"The Comintern Has Long Ceased to Meddle in Our Internal Affairs" excerpt from speech in Chief-fang Jih-pao, May 28, 1943
Comrade Mao Tse-tung first pointed out that the dissolution of the Communist International was, exactly as the American press agency had reported, "a great event marking the dividing line between two epochs."
Comrade Mao Tse-tung asked: "Why should the Communist International be disbanded? Did it not devote all its efforts to the emancipation of the working class of the whole world and to the war against fascism?"
Comrade Mao Tse-tung said: "It is true that the Communist International was created by Lenin himself. During its entire existence it has rendered the greatest services in helping each country to organize a truly revolutionary workers' party, and it has also contributed enormously to the great cause of organizing the anti-fascist war." Comrade Mao Tse-tung pointed particularly to the great services of the Communist International in aiding the cause of the Chinese revolution...
Comrade Mao Tse-tung further pointed out: "Revolutionary movements can be neither exported nor imported. Despite the fact that aid was accorded by the Communist International, the birth and development of the Chinese Communist Party resulted from the f act that China herself had a conscious working class. The Chinese working class created its own party--the Chinese Communist Party. The Chinese Communist Party, although it has a history of only twenty-two years, has already undertaken three great revolut ionary movements...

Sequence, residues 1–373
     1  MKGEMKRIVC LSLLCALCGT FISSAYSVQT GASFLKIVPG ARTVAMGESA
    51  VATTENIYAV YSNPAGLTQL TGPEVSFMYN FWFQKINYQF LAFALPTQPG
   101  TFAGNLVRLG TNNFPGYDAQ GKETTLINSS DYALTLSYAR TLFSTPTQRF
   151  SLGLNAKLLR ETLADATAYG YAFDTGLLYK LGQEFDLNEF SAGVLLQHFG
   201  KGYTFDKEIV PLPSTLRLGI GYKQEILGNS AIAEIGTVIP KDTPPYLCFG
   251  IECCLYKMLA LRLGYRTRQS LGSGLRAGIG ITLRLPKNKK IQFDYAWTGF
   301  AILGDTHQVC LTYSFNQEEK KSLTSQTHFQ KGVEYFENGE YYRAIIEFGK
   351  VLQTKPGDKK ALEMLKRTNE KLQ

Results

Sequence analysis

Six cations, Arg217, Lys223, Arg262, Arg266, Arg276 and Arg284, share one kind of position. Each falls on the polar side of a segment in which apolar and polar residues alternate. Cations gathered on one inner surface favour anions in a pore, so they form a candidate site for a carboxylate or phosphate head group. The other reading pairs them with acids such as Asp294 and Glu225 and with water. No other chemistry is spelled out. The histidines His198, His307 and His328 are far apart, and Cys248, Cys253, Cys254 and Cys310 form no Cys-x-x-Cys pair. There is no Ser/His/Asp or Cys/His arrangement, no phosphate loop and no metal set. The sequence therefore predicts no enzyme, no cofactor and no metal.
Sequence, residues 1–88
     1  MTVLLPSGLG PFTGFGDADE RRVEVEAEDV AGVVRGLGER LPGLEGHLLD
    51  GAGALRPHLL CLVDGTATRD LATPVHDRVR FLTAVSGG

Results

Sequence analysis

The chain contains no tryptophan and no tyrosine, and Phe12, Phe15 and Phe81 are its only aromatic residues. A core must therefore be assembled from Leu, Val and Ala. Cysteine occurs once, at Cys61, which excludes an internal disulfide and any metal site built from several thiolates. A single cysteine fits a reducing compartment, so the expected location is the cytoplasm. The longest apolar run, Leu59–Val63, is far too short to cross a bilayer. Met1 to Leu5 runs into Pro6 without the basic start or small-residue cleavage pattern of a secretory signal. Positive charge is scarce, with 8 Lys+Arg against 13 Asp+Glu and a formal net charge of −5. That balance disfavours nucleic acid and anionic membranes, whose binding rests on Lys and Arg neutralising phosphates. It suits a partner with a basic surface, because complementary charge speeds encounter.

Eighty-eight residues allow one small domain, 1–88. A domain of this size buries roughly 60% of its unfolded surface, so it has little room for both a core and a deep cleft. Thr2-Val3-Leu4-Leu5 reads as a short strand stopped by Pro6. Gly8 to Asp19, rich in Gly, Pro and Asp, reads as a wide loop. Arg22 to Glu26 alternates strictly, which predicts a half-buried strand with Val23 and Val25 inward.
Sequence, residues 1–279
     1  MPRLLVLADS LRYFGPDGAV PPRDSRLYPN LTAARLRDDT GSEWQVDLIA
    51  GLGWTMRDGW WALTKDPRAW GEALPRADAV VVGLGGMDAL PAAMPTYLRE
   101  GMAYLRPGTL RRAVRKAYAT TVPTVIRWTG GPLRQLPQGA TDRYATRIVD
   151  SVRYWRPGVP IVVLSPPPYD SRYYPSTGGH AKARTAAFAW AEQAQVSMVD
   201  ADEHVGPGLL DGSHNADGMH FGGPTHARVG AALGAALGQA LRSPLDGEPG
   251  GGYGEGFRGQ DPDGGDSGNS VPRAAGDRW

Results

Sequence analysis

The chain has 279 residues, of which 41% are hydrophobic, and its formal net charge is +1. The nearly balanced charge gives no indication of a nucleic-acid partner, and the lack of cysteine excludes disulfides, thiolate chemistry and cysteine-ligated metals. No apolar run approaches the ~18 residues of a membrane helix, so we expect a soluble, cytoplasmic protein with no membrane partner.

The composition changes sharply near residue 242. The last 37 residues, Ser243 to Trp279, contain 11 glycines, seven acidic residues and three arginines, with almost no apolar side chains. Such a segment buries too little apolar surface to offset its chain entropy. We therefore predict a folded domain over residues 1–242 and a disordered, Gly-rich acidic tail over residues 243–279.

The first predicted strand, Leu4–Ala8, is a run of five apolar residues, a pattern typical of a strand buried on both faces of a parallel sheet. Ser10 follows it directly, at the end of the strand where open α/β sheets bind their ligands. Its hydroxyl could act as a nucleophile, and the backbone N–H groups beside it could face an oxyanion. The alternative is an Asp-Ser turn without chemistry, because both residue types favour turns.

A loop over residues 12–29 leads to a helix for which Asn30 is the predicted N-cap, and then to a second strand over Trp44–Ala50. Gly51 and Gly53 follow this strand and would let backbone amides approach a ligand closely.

Since the Communist International has rendered such great services to China and to various other countries, why should it be necessary to proclaim its dissolution? To this question Comrade Mao Tse-tung replied: "It is a principle of Marxism-Leninism th at the forms of revolutionary organizations must be adapted to the necessities of the revolutionary struggle. If a form of organization is no longer adapted to the necessities of the struggle, then this form of organization must be abolished." Comrade Mao Tse-tung pointed out that at present the form of revolutionary organization known as the Communist International is no longer adapted to the necessities of the struggle. To continue this organizational form would, on the contrary, hinder the development of the revolutionary struggle in each country. What is needed now is the strengthening of the national Communist Party [min-tsu Kung-ch'an-tang] of each country, and we no longer need this international leading center. There are three main reasons for thi s:(1) The internal situation in each country and the relations between the different countries are more complicated than they have been in the past and are changing more rapidly. It is no longer possible for a unified international organization to adapt i tself to these extremely complicated and rapidly changing circumstances. Correct leadership must grow out of a detailed analysis of these conditions, and this makes it even more necessary for the Communist Party of each country to undertake this itself. T he Communist International, which is far removed from the concrete struggle in each country, was adapted to the relatively simple conditions of the past, when changes took place rather slowly, but now it is no longer a suitable instrument. . . . (Stuart S chram, ed. The Political Thought of Mao Tse-tung (NY: Frederick Praeger, 1963),pp. 288-89.)